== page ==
Introduction: In this article, Melissa Davenport Berry continues her series profiling descendants of the Mayflower settlers, focusing on descendants in Colorado. Melissa is a genealogist who has a blog, AnceStory Archives, and a Facebook group, New England Family Genealogy and History.
Today I continue my series on “Mayflower Descendants: Who’s Who,” using a 1930 Denver Post newspaper article by Caroline Bancroft. Among the Denver citizens to be included in Bancroft’s feature were Mayflower descendants.
The article noted that forefather digging is like roulette and may disclose gallows or fame. Bancroft likes to use little surprise finds as humorous anecdotes, and appreciates that forbears are full of little jokes. She advises those who delve into genealogy research to keep a sense of humor.
Bancroft notes that with the growing popularity of genealogy, “the butcher and baker and candlestick maker want eminent ancestors” and social standing, but she warns:
“But if it [genealogy] is to be conducted on strictly authentic lines, there will be many a surprise hidden in the files of its records, waiting to pounce out upon the unsuspecting patron. Ancestors have a way of not running true to a nice, genteel pattern, and the black sheep of a really illustrious line have an uncomfortable habit of turning out to be direct grandfathers rather than members who could be pointed to with pride.”
Helen Ludlow Bingham
One of the Mayflower descendants profiled by Bancroft was the society maiden Helen Ludlow Bingham, who was descended from Governor William Bradford, Stephen Hopkins, and Francis Cooke. She was the daughter of Homer William and Adelaide (nee Ludlow) Bingham and married Victor Arthur Miller, son of Arthur Scott and Emma (nee Combs) Miller. She married 2nd Benjamin Franklin Salzer.
“I found two of my ancestors who exhibited particularly human traits. One of them was John Warren, who lived in Watertown, [Massachusetts,] and in 1650 was fined 20 shillings for an offence against the laws of public baptism. He was repeatedly had up for failing to attend public worship and made himself so unpopular in the community that when a warrant was issued some time later to search his premises for Quakers, they wrote it very disrespectfully ‘the house of Old Warren.’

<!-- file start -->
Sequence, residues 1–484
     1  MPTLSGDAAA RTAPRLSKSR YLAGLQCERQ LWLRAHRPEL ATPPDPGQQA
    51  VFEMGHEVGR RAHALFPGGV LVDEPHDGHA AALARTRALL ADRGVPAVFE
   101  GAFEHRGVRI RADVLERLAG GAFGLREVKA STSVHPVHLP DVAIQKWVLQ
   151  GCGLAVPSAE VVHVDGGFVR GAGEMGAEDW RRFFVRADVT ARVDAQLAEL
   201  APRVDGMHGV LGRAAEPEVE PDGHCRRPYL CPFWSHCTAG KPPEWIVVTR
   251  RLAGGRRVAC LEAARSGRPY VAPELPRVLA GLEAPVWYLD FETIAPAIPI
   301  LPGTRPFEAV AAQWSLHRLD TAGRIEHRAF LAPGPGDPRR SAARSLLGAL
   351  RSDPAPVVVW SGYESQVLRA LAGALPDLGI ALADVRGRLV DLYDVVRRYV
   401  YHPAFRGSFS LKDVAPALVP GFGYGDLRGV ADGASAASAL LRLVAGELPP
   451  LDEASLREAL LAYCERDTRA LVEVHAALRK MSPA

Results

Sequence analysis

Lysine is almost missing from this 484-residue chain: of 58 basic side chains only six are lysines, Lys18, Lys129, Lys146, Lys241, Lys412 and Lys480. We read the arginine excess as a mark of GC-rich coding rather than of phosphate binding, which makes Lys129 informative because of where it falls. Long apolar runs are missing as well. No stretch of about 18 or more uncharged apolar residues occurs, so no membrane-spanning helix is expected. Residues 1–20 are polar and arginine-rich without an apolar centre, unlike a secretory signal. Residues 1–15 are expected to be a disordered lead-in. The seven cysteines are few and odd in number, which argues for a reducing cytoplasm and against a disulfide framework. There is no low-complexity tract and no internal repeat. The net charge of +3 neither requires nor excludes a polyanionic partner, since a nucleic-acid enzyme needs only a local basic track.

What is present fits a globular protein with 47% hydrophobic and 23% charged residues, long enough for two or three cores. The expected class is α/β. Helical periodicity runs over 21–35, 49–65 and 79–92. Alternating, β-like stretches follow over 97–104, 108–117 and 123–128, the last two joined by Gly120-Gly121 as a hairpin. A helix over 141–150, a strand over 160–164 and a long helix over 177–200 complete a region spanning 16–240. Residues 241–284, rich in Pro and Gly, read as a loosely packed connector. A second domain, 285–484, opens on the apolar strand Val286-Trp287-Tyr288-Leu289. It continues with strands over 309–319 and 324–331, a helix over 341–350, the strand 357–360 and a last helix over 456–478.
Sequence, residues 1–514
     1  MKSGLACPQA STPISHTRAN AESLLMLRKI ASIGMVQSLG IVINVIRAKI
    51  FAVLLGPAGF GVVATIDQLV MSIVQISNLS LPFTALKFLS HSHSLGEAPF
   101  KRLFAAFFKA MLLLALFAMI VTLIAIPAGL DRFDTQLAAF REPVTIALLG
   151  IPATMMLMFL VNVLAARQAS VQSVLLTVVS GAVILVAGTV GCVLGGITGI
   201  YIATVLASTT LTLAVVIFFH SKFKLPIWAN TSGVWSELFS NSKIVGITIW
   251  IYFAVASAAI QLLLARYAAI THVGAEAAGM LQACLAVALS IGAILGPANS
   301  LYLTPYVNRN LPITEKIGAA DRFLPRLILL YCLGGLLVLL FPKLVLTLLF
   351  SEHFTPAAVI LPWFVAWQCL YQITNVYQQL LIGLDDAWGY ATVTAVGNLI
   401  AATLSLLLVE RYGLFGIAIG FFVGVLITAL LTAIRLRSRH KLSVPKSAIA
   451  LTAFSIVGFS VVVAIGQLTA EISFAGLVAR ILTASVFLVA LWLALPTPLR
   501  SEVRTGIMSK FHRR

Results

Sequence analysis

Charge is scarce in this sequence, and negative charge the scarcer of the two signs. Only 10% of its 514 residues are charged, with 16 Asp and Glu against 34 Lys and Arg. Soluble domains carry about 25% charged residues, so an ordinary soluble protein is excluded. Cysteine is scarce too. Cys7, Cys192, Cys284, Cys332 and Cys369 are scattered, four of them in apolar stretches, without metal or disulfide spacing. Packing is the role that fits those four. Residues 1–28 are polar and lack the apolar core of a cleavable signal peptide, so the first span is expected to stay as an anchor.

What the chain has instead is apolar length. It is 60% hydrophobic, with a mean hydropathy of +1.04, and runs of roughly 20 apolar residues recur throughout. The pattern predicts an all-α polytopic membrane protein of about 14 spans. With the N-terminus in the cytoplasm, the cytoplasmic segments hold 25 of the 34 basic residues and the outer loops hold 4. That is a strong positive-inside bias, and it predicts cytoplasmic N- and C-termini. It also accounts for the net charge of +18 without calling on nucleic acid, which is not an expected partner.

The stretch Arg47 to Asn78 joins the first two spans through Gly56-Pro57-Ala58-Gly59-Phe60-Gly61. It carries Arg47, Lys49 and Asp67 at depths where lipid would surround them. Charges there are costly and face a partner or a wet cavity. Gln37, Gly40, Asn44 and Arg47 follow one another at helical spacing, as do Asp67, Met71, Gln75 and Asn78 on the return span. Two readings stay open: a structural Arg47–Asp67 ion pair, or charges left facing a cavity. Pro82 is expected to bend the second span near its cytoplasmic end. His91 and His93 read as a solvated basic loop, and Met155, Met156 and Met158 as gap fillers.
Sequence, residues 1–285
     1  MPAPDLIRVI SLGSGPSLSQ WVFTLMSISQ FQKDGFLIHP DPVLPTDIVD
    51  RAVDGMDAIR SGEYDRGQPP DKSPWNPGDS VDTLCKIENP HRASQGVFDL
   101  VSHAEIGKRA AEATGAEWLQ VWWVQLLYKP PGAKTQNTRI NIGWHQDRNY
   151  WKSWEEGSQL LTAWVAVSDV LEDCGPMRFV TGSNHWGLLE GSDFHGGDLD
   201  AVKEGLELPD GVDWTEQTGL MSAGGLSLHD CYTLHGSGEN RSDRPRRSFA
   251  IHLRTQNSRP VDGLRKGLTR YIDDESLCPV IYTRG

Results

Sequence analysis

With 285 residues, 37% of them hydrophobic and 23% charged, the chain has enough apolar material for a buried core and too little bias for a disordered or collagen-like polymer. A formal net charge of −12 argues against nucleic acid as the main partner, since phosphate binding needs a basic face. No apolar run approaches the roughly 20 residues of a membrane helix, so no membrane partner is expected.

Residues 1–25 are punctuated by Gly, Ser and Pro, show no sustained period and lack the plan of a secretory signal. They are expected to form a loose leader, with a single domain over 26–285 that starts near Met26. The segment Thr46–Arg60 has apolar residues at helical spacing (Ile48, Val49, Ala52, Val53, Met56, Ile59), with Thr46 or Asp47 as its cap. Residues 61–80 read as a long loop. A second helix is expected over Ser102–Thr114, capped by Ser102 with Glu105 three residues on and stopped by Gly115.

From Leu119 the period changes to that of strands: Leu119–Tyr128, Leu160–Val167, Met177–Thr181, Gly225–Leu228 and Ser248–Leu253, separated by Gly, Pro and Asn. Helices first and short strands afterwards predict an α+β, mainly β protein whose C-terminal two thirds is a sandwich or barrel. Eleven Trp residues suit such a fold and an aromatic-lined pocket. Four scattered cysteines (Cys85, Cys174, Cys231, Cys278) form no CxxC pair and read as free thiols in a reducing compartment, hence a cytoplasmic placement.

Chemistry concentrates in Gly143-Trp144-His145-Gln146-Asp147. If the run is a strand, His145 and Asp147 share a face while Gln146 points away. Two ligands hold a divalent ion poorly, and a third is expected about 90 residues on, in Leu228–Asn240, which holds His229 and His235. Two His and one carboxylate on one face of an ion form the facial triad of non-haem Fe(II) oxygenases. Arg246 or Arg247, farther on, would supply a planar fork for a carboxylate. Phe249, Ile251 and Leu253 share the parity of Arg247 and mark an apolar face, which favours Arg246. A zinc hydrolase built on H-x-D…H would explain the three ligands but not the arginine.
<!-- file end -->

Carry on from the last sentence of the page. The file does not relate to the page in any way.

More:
“The other ancestor who entertained me was the one of Lafayette’s men, Loring Thompson, who was knocked down by the wind of a cannonball and picked up for dead. He turned out to be only stunned, and was so pleased at this good luck that he immediately set out to write his memoirs!”
Helen served as deputy governor of the Colorado Mayflower Society, and after her death her daughter, Marcella Miller Meyer, created the Helen Bingham Salzer Fund for the New England Historical and Genealogical Society, Boston, in honor of her mother.
Another Mayflower descendant was Mrs. Edwin Kassler (born Leila Buchtel), a descendant from Governor William Bradford. She was the daughter of Dr. William Harmon and Helen Maria (nee Barnum) Buchtel, and wife of Edwin Stebbins Kassler. She married 2nd Fred Chamberlain. Her mother was the daughter of the famous Phineas Taylor “P. T.’ Barnum and his wife Charity Hallet. Mrs. Kessler was elected governor of the Colorado Mayflower Society in 1925.
Leila said her ancestor Thomas Barnes had a wife Mary who was the last women executed for witchcraft in Connecticut. She stated:
“I have a letter describing the trial with copies of the documents used. She [Mary] pleaded ‘Not guilty’ to the hearing, which occurred in January 1662, but was condemned to be hanged, and on Feb. 5, 1662 ‘suffered for the cause and died bravely,’ according to the records.”
Mr. Joshua Grozier was a member of the Mayflower Society and an authority on early American history. His Mayflower ancestor was Stephen Hopkins.
“It is interesting to see how the passage of time obscures much that is wished to be forgotten.
“For instance, the [Stephen] Hopkins who crossed on the Mayflower and was a member of the Plymouth colony, is the same [Stephen] Hopkins who earlier, at the second expedition to Jamestown, started a mutiny of the whole crew against Sir Thomas Gates. He would most certainly have been executed and never lived to become an illustrious ancestor but for the fact that a terrible storm came up most fortuitously. In consequence Sir Thomas pardoned him and the crew if the boat could be brought safely into harbor.
“Another man and incident that time has seen fit to obscure is John Billington, the first man to be hanged in this country. He had a terrible temper, and in some altercation murdered young Newcombin. Governor Bradford ordered him hanged, and his family felt so disgraced after his execution that they changed their name from Billington to Billings to cover up traces of the killing.”
Stay tuned for more on Mayflower descendants!
Note: An online collection of newspapers, such as GenealogyBank’s Historical Newspaper Archives, is not only a great way to learn about the lives of your ancestors – the old newspaper articles also help you understand American history and the times your ancestors lived in, and the news they talked about and read in their local papers. Do you have a connection all the way back to the Mayflower Pilgrims?
- Mayflower Descendants: Who’s Who, Part I
- Mayflower Descendants: Who’s Who, Part II
- Mayflower Descendants: Who’s Who, Part III
- Mayflower Descendants: Who’s Who, Part IV
- Mayflower Descendants: Who’s Who, Part V
- Mayflower Descendants: Who’s Who, Part VI
- Mayflower Descendants: Who’s Who, Part VII
- Mayflower Descendants: Who’s Who, Part VII (conclusion)